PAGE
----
• WHAT WILL REPLACE PLASTIC?

    WHAT WILL REPLACE PLASTIC?

    With the growing demand for more sustainable and eco-friendly alternatives to plastic in the packaging industry, many developments have been made in the field of bio-based materials in the recent past.

    Following are a few innovations that demonstrate potential.

     

  • Sustainability in Packaging Asia

    Sustainability in Packaging Asia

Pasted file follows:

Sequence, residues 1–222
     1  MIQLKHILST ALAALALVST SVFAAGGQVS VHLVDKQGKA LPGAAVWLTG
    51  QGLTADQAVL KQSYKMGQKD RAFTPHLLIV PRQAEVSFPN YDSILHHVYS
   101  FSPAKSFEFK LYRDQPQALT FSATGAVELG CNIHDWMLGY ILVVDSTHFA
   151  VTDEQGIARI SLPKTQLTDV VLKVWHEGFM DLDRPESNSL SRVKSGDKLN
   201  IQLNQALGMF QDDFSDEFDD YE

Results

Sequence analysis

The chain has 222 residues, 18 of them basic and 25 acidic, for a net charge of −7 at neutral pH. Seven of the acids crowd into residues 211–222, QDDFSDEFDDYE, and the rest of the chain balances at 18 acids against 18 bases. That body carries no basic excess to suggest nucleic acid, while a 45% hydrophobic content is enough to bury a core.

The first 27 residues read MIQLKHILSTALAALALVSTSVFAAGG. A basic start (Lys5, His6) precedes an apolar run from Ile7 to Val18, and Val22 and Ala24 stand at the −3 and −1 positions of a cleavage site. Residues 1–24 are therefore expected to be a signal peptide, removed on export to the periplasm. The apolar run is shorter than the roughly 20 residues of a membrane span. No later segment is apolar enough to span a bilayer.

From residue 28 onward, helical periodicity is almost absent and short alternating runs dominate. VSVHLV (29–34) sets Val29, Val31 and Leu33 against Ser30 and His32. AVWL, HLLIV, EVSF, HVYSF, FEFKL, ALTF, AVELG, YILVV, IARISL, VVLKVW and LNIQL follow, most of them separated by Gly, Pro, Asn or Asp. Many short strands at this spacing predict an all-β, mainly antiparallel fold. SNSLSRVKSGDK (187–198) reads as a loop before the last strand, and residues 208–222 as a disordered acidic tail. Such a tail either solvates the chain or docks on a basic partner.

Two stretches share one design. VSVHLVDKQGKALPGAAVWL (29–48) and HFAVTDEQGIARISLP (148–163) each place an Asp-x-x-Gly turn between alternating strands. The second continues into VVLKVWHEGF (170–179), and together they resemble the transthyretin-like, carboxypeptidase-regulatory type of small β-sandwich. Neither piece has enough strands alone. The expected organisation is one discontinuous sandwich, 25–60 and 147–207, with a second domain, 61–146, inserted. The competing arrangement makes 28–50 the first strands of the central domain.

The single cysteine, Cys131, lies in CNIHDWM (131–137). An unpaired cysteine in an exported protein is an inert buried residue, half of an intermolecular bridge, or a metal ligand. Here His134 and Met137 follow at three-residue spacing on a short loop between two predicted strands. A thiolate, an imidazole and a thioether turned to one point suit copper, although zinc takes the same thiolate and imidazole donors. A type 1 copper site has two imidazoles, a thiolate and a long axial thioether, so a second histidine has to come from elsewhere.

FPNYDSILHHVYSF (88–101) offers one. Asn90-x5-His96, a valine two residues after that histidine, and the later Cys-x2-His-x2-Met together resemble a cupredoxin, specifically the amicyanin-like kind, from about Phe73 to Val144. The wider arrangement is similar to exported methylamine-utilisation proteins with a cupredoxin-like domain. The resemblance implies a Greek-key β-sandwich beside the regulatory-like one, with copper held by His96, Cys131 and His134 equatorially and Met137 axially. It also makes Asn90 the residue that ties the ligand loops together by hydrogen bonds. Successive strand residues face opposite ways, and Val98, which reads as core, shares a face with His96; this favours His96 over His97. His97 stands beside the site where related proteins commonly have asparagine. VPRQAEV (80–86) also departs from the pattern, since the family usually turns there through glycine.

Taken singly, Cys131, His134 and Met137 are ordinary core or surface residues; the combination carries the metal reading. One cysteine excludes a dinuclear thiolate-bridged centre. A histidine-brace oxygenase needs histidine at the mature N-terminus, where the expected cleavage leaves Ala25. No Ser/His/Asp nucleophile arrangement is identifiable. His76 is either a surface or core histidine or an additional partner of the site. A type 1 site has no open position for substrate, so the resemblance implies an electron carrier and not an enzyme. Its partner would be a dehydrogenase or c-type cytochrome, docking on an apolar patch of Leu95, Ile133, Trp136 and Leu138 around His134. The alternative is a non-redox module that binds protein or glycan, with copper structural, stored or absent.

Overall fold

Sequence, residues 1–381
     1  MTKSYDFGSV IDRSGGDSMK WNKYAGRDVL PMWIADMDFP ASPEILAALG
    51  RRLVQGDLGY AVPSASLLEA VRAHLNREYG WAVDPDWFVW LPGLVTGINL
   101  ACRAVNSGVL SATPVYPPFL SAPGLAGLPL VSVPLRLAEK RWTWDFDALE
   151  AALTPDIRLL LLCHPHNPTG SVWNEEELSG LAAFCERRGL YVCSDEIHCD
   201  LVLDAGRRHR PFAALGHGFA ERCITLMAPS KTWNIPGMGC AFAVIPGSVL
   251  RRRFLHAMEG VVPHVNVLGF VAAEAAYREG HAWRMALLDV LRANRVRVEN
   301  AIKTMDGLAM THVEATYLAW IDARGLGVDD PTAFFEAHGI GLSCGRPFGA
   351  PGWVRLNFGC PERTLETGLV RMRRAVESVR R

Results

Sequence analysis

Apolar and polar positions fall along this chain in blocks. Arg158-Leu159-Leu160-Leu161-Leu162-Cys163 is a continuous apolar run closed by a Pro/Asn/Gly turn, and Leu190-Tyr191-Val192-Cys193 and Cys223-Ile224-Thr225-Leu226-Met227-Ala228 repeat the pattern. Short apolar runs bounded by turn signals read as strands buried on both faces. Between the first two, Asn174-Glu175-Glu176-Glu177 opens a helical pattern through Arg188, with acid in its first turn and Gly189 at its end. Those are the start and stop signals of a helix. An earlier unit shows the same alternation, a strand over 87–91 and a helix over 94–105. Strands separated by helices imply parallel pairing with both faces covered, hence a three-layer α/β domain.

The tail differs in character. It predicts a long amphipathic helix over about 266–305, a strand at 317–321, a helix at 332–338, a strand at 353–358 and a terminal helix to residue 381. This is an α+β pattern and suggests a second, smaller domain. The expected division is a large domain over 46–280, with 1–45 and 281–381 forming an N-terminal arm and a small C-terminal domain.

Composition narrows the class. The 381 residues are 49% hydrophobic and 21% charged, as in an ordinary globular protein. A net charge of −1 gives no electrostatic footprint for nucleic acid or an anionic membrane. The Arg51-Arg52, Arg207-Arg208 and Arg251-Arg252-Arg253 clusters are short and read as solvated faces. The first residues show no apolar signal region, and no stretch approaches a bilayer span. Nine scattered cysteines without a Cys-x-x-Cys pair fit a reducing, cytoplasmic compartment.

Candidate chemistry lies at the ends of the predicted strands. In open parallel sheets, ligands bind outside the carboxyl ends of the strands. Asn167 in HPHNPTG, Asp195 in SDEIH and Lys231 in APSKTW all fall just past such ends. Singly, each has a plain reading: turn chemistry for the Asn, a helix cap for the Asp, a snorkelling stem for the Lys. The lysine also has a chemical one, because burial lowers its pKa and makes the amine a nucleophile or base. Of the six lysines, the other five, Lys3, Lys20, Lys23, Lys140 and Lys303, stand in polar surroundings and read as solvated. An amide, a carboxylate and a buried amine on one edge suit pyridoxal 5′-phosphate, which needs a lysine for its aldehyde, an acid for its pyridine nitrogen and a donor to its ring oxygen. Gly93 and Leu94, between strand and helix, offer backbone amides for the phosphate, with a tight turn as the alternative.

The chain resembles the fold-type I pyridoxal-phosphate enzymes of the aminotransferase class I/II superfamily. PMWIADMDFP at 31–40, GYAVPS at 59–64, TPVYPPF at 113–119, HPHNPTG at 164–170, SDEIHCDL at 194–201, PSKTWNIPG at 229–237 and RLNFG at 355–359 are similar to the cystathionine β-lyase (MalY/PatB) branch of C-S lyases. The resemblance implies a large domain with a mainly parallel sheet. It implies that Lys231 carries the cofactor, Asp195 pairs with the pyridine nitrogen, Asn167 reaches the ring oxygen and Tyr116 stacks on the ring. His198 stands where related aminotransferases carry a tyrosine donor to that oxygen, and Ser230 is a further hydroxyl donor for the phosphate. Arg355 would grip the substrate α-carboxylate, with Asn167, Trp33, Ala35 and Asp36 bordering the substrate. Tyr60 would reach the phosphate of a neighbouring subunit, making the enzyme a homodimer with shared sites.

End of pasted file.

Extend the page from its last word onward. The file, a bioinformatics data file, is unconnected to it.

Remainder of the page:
Sustainability In Packaging Asia is Going Virtual in 2020! Since its launch in US in 2006, our sustainability in packaging conference has gone from strength to strength and has been successfully launched in Europe. * As the packaging industry faces growing consumer and regulatory pressure to find sustainable packaging options that ‘reduce, reuse and recycle’, companies across the value chain are looking to sustainability to differentiate from their competitors and win new business. Brands have ambitious sustainability goals to hit, converters want to champion the sustainable credentials for their materials and raw materials companies are innovating to solve performance and end of life issues. * The challenge is that the things that make packaging (especially plastics packaging) effective at its job (its cheap and durable) also hinder its sustainability – it lasts a long time and is uneconomical to recycle * Asia is becoming a key arena for sustainability discussions because the consumer base is growing quickly and with it demand for packaging but the recycling infrastructure and waste management is less developed. China’s recent‘National Sword’policy has curtailed European and US plastic waste going to China to be recycled and created heightened awareness of sustainability in both China and surrounding countries. As global brands look to Asia to drive their growth, Asia provides many opportunities and challenges for creating a growing need for sustainable packaging solutions in the region and these will create the key themes for this new event.